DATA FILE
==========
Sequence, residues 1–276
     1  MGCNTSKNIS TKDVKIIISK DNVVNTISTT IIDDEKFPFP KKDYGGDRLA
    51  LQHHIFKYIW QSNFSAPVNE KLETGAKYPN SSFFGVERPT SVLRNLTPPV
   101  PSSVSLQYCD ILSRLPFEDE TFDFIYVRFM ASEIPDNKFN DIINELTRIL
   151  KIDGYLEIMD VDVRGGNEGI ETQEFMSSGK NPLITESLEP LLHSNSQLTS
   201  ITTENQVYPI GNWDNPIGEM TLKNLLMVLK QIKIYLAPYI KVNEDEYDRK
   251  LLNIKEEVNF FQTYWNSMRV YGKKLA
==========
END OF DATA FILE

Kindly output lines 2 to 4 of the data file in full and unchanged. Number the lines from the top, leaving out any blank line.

     1  MGCNTSKNIS TKDVKIIISK DNVVNTISTT IIDDEKFPFP KKDYGGDRLA
    51  LQHHIFKYIW QSNFSAPVNE KLETGAKYPN SSFFGVERPT SVLRNLTPPV
   101  PSSVSLQYCD ILSRLPFEDE TFDFIYVRFM ASEIPDNKFN DIINELTRIL